She therefore urged the rank and file of the Ghana Prisons Service to take these relationships seriously and not to jeopardize them as they may go a long way to assist you as officers positively.
Recounting her days in the Service, she revealed that, “I joined the Ghana Prisons Service in 1990. This was at a time much attention was not placed on improving the deplorable prison conditions”.
In addition, “the prisons all over the country had pit latrines and the environment was quite unpleasant and hazardous to the health of both officers and inmates. Officer’s uniforms were difficult to come by. Salary and conditions of service were equally not enviable to be discussed”.
These numerous instances she stated could have made her regret for choosing to work as a prison officer, but as the frustrating moments began to show up, “I quickly had to brace up, and ask myself what I could do in my small way to change the situation as little drops of water makes a mighty ocean”.
“With this mindset and positive attitude, I made conscious efforts to be a game changer whichever station I worked and indeed I never left any station the same as I met it”.
She used the occasion to acknowledge the contributions, commitments and sacrifices of all former Director Generals of Prisons who committed resources to this success and a special appreciation to all Regional Commanders and officers in charge together with their staff who through partnerships and collaborations contributed to this feat.
“Today, we all have to share the exoneration of success that came with this intervention which has culminated in the tremendous improvement we see in our prisons presently adding that, “we have worked together to rebrand the service and this we have achieved through your hard work, discipline, dedication and commitment to work”.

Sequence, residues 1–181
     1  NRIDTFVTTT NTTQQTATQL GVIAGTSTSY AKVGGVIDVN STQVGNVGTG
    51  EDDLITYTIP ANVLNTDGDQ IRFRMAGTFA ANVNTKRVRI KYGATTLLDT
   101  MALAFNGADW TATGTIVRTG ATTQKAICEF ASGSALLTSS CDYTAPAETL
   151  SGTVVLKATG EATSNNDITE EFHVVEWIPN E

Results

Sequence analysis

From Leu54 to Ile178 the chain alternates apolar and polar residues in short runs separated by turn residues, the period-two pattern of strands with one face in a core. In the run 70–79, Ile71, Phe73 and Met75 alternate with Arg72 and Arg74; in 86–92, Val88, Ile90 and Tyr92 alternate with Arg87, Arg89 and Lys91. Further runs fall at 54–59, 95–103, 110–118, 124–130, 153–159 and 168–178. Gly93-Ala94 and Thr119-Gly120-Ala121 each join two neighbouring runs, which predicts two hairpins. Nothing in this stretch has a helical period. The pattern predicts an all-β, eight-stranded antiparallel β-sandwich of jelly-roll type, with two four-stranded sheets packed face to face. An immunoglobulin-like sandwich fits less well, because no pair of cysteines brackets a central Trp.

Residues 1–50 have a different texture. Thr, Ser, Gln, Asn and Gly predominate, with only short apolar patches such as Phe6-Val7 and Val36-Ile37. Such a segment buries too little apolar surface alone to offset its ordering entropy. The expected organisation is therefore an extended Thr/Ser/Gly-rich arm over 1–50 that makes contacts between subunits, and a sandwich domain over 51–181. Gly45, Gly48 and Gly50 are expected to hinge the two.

“Though we have come far as a Service, more is still expected of us especially in our drive to become a world class correctional Service”.
Stressing that, she is optimistic that the strategic vision of the current administration is viable enough to bring into fruition the transformations that we are all expecting to see in the Service.
“What is left now is the commitment and support of all officers to the goals and vision of the Prison Administration”.
Furthermore, “It is not enough to limit ourselves within the confines of our everyday routine but to activate our creative minds, develop a strong will, and resilience and go all out to plan and execute programs and projects that will drive the service closer to achieving its vision”,she admonished.
“Though as officers, challenges abound in every facet of our endeavors, we must make it a point to rise above every challenge be it that of the Service or personal, and make a determined resolve to work harder to change the fortunes of the Service”.
Mrs. Josephine Fredua-Agyemang holds a Bachelor of Arts degree in Social Sciences with Geography and Sociology as her major subjects from the Kwame Nkrumah University of Science & Technology holds a Post Graduate Certificate in Public Administration from GIMPA and a Mater of Arts Degree in Guidance and Counselling from the University of Cape Coast.
She started her career as an Assistant Superintendent of Prisons through to Deputy Director General of Prisons.